11) Have a Written Snow Plan - Make sure it includes manpower and shift coverage, written logs for equipment usage and servicing, and a contact list of relief personnel.

12) Make Sure Equipment Works - Check all ride-on and push equipment to make sure they're in working order or serviced after each use, keeping written logs in the snow plan. Same goes with communications equipment so you can maintain radio contact with personnel and supervision.

JLL's Karen Raquet, New Jersey

21 Tips to Survive Your Next Snowstorm

Karen (right, with her husband and her daughter) is the director of national property services for JLL Retail, which has more than 160 centers, totaling nearly 50M SF, under management.

13) Be Ready to Go by Fall - Snow occurs as early as November in areas like the Midwest, so make sure procedures are outlined, employees know their key areas of responsibility, contracts are in place, and all equipment is inventoried and ordered.

14) Monitor Constantly - Last year's weather caused several dangerous roof collapses across the country, so check the roof for drifting snow and added weight near HVAC units. Watch for melting, refreezing, drain clogs and seepage, as well as backup generators, electrical systems, sprinkler rooms and back hallways for problems caused by freezing temperatures.

15) Keep Tenants Informed - JLL uses the RedFlag emergency notification system, as well as properties' websites, to relay information about closings and delays. Property managers also educate tenants about keeping properties safe, including leaving water dripping overnight to avert frozen pipes and shutting off unattended heating elements to prevent fires.

Oculus Realty's Josh Baker, Washington, DC

21 Tips to Survive Your Next Snowstorm

Josh is the director of property management for Oculus, which manages 1,500 apartment units for properties ranging from 50 to 150 units in the DC metro.

16) Avoid Supply Issues – Oculus starts thinking about snow removal in August, when it buys ice melt in bulk to save money. It’s then delivered by November. “We started ordering supplies early because in the past, the product wasn't always available when we needed it,” he says. Have necessary tools on hand and negotiate contracts with your landscapers to make sure they’re available.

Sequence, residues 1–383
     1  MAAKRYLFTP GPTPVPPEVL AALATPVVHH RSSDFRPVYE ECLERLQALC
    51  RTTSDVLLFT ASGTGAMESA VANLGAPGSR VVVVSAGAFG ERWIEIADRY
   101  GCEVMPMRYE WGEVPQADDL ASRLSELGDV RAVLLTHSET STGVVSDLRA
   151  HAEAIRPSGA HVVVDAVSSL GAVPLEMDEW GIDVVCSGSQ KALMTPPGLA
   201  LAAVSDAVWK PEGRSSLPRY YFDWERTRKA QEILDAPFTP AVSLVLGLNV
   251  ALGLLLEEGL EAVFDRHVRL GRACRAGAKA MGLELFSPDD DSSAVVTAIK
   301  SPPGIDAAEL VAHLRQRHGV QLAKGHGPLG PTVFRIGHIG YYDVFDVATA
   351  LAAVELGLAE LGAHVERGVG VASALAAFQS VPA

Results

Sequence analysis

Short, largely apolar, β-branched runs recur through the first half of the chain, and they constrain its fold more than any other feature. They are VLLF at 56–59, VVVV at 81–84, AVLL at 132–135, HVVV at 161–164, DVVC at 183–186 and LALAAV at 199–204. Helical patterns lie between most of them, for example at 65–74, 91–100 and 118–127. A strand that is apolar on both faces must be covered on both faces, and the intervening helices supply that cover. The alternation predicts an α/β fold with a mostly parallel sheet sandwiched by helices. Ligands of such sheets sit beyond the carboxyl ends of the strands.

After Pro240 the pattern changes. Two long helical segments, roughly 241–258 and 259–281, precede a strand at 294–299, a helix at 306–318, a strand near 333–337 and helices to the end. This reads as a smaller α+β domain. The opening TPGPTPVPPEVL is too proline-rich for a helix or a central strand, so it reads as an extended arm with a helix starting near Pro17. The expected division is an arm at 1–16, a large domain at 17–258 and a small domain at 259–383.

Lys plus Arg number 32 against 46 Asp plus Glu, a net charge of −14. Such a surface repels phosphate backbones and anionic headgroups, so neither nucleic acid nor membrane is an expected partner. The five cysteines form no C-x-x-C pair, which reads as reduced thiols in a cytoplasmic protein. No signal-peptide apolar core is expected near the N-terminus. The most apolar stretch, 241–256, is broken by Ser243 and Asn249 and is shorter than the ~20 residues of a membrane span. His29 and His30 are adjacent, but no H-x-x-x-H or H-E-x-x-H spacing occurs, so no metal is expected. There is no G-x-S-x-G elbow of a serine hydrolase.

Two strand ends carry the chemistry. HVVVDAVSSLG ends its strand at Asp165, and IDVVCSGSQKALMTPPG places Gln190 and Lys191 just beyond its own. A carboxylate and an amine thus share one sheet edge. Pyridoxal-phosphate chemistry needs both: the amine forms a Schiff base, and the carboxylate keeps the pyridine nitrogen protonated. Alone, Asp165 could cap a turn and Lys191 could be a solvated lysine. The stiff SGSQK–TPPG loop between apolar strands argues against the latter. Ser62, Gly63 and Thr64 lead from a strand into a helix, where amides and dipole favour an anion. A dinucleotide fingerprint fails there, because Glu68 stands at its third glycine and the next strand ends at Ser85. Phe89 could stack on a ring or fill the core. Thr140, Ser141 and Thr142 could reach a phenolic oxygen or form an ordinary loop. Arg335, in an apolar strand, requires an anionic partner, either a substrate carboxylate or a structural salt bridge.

17) Form a Communications Tree – From your staff to your contractors, make sure there’s a clear plan to keep in constant contact by phone and email when snow’s coming. It’s especially important as the forecast shifts—and the last storm’s predictions changed six or seven times.

18) Err on the Side of Caution – The last thing you need is staff members or tenants to slip on ice and injure themselves. While it’s always tempting to save money, especially when the forecast calls for only a little bit of precipitation, it’s wise to pre-treat surfaces.

Novus Equities' Steven Hess, New Jersey

21 Tips to Survive Your Next Snowstorm

Steven is principal of Novus Equities, which owns a two-building medical office campus at 40 and 50 Union Ave in Irvington, NJ.

19) Stage Equipment for Critical Buildings – People who frequent Novus’ buildings use wheelchairs, walkers and canes, so it’s essential that snow and ice are cleared immediately. The firm has purchased its own snow removal equipment so they're ready right away.

20) Make Sure Your Staff is on Board – A staff that understands they might have to stay overnight to prepare properties for the following workday is critical to the property’s success. (That sometimes means setting up cots and food inside so that the properties can be constantly plowed and ready for a 7:30am opening.) Some doctors operate critical-care practices and can't afford to close their offices.

21) Consider an Alert System – Novus Equities is in the process of setting up an emergency notification system to advise tenants of snow and other emergencies that might affect their buildings, he says. The system will provide alerts via text message and email to communicate delays, whether certain parts of the buildings are closed, and other critical info.